Telling my family’s story, which was linked to those of other political prisoners whose fates were now slowly being revealed, might help me move forward with my life. In writing Stolen Lives, the success of which I could not, of course, have foreseen, I exorcised the past, at least in part, but I also took up another burden: the role of victim. – page 107
What it is:
La Prisonniere (US title: Stolen Lives), Malika Oufkir’s intensely moving account of her twenty years imprisoned in a desert jail in Morocco, was a surprise international best seller and the second non-fiction title ever selected for Oprah’s Book Club.
In her highly anticipated follow-up, Malika reflects on the life she lived before and during incarceration and how dramatically the world had changed when she emerged. Malika Oufkir was born into extreme privilege as the daughter of the king of Morocco’s closest aide, and she grew up in the palace as companion to the Moroccan princess. But in 1972, her life of luxury came to a crashing halt. Her father was executed for attempting to assassinate the king, and she and her family were locked away for two decades, the youngest brother was only 3 then. After a remarkable escape, Malika and her family returned to the world they’d left behind, only to find it transformed.
Why I read it: I was in awe of Malika Oufkir’s life in desert goal when I read her first book La Prisonniere : 20 years in a desert gaol. It is my desert island book and there were many questions I posed which I hope this sequel would gave me the answers.
What I thought:
I thought it is extremely difficult to be impartial about what I think about the book when I am deeply affected by Malika Oufkir’s plight. I think that’s a common problem with biography and memoir. If you read about a personality you really like or idolise, it doesn’t matter if the writing is bad, that’s why bad memoirs of famous personalities sell. However, I can assure you Malika’s memoir is honest and full of insights. The world seen from the eyes of someone who has been locked up for 20 years, it challenges our views about things that we took for granted in our everyday life.
Living for the first time as an adult, Malika writes candidly about adjusting to the world we take for granted, from negotiating ATMs to the excesses of shopping malls, the silliness of grand cuisine, to falling in love and sex. In La Prisonniere (US title: Stolen Lives), Malika mourned the children she was not having as her body wasted away in prison. When she is finally free, motherhood becomes crucial to Malika’s ability to fully live her life: she adopts first her niece, then a baby boy, Adam, from Morocco.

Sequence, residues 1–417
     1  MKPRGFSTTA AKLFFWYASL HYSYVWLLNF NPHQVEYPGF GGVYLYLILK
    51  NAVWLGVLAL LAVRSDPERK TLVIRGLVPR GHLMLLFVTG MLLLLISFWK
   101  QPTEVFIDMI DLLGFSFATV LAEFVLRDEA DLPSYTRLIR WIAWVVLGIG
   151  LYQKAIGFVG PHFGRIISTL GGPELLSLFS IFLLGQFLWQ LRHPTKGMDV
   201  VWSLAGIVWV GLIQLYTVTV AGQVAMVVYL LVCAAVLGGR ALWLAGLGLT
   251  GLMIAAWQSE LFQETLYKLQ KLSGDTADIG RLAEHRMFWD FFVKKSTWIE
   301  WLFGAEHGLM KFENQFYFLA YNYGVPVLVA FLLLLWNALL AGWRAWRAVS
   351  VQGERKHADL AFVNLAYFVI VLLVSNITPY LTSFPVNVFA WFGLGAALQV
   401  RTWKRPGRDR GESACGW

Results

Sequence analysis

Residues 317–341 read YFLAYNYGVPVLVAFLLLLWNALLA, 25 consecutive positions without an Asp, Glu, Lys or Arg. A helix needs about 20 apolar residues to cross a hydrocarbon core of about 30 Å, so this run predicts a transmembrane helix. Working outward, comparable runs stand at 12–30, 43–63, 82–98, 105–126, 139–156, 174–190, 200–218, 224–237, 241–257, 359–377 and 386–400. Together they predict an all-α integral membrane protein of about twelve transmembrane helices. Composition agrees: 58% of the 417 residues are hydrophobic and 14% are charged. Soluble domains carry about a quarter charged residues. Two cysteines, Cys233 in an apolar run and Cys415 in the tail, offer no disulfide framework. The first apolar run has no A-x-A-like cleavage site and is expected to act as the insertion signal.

There are several scenes of humour albeit sad, for example when Malika spent half the day at the Post Office just because she doesn’t know that she should take a number and operate a ticket number dispenser machine. Or the time when she had to feign losing an earring to avoid the suspicion of being in the toilet for too long because she doesn’t know how to operate an automatic tap water without faucets.
What a terrible country,” exclaims a friend of a friend, shaking his head solemnly (when the friend knew about Malika’s plight)
What country is he talking about? Mine, undoubtedly, and in accents of horror, intending to please me. What does he know about Morocco,about my experience, about the light and shadow of the kingdom of a thousand flavours?… page 126.
Many people tend to read about awful news about people of the country and began to judge the country as a whole. Malika differentiates this by saying:
Morocco has remained for me a magic land, from which I draw my strength. I have accounts to settle only with its King. [page 118] I will love Morocco – I from whom it stole twenty years – and defend it against those who condemn it. My country is not its King. [page 129]
The only table where I’ve truly enjoyed myself since being freed (if you can call a mat lying on the ground a table) was in the desert of the Atlas region of Morocco, where the Bedouin, who are sparing of words, nourish themselves in silence on a handful of dates. To my mind, they have understood the real meaning of life. I am the daughter and granddaughter of Berbers; I feel more at ease with thrift than pointless indulgence. – page 102
What am I afraid of?… Perhaps innocence begets its own guilt, planting suspicion both in oneself and in the eyes of others. That fear of being punished for things I haven’t done, or haven’t done yet, intensified the hellish whirlwind of doubt. Like a battered child, I throw my arms up over my face, warding off both blows and caresses, in order not to see what awaits me …. – page 111
Once you spit out hatred, it weakens and evaporates, leaving you able to breathe again, free to love or to hate not on principle, but by choice. – page 227
Getting the final word in:
Full of insight and piercing observations, Freedom is a delightful read. Sad but not without humour. Sad but not without hope. Only to read about what Malika’s life after imprisonment is an honour, a privilege.
Malika Oufkir, born in 1953, now lives in Miami, Florida with her husband Eric and two children.
Hardback. Publisher: 2006; Length: 232 pages; Setting: Morocco, USA. Source: Own copy. Finished reading on the 21st July 2012. Reading this for Middle Eastern Challenge hosted by Helen.